In his painting, Rogier van der Weyden, an artist of the early Dutch Renaissance, was able to portray different human sentiments. In the presented altar image, created, probably, during a trip to Italy, the painter conveyed a deep suffering and at the same time encased him in wondrous colors and lines.
Joseph of Arimathea and Nicodemus, hiding their spiritual state with all their strength, carry the evil and exhausted body of Christ to the tomb; John bent to kiss his hand; in disarray, Mary Magdalene knelt down, the Mother of God with a weary face gently supports the hand of the Son.
The strong religious feeling that drove the brush of Rogier van der Weyden, illuminates everything here, and that is why he, despite everything, gives the beauty of the dramatic scene. Elegant postures, for example John, are smooth gestures, pure colors, and the spirit captures from the sunlit landscape in the distance.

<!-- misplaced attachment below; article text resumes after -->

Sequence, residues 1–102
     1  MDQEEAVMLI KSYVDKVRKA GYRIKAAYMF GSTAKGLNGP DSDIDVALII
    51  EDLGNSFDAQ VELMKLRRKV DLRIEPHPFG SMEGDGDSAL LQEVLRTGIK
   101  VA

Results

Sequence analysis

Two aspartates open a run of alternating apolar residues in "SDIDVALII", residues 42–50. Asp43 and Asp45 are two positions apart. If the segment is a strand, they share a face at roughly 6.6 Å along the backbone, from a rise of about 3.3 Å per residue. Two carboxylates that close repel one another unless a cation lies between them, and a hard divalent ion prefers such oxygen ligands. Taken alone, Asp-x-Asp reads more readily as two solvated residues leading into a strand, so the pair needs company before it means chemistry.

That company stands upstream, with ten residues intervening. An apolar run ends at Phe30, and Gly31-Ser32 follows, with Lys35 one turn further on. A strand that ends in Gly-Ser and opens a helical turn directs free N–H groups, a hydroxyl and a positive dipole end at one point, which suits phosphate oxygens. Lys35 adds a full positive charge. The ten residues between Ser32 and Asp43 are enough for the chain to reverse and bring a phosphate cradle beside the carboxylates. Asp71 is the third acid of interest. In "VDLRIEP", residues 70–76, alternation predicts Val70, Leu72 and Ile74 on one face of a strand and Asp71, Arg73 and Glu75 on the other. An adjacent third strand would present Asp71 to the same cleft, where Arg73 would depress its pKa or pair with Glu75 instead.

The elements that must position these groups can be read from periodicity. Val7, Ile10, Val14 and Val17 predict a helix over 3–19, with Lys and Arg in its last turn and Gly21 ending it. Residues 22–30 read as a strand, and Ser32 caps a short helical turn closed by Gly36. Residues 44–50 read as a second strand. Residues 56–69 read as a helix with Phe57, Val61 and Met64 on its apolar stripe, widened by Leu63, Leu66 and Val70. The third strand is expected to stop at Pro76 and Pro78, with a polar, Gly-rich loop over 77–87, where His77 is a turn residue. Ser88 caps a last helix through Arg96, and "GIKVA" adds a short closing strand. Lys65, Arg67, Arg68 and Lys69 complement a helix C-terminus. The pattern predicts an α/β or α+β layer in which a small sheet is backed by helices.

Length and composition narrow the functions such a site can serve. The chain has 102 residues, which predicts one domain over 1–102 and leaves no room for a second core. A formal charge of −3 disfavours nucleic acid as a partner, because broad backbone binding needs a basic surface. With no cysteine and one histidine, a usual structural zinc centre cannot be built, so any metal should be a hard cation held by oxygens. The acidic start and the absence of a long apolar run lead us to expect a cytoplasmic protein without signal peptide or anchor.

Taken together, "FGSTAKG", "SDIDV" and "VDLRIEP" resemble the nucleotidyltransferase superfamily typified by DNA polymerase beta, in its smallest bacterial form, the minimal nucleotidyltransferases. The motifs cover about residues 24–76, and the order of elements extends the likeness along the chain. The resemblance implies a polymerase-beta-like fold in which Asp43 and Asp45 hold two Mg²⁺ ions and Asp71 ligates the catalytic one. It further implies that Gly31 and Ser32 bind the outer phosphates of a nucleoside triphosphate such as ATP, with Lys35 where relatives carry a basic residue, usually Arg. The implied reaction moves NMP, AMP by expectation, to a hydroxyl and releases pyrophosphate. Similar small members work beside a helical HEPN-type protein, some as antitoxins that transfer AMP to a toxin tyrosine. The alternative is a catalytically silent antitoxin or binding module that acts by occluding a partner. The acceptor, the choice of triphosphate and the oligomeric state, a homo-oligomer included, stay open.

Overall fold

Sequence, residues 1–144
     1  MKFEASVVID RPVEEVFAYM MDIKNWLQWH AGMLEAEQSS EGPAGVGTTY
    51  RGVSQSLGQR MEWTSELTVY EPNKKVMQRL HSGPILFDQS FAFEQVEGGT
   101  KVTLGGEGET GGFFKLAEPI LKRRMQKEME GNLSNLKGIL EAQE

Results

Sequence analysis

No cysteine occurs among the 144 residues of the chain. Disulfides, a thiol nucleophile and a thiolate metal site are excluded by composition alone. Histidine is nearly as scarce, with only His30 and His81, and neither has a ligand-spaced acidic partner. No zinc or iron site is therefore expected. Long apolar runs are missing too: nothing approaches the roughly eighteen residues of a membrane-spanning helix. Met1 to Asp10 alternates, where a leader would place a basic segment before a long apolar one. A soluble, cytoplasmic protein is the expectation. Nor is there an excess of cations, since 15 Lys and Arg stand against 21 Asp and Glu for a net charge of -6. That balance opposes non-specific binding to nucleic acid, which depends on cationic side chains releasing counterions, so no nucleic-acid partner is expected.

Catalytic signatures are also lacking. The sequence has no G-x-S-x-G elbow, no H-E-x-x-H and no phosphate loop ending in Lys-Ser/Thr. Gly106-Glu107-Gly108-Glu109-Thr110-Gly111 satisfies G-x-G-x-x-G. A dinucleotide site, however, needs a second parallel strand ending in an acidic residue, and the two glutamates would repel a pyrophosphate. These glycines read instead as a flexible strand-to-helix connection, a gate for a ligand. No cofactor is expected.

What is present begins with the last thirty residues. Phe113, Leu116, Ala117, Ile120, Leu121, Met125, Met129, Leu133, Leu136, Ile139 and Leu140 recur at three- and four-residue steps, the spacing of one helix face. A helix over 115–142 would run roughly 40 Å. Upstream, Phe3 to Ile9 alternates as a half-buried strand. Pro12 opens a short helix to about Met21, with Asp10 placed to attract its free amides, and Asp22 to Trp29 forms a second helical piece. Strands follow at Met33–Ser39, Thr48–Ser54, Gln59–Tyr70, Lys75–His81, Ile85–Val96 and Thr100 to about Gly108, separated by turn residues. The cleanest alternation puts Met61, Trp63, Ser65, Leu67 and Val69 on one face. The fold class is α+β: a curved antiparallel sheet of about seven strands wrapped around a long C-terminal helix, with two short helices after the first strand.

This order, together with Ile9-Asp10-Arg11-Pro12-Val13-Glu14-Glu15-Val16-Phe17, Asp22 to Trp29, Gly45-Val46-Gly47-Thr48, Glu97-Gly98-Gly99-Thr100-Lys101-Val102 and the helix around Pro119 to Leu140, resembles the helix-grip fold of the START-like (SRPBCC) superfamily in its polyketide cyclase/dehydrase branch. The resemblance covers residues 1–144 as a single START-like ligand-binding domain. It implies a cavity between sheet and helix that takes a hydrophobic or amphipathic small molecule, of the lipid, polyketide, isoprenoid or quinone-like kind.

The French historian and philosopher Ippolit Than wrote about the Dutch artists of that time: “Pay attention to their unusually rich and bright colors, to clean and powerful colors… to the magnificent fractures of the purple robe, to the azure depressions of the long flowing clothes, to the draperies, like a meadow, permeated with sunlight… a mighty light that warms and gilds all the pictures… “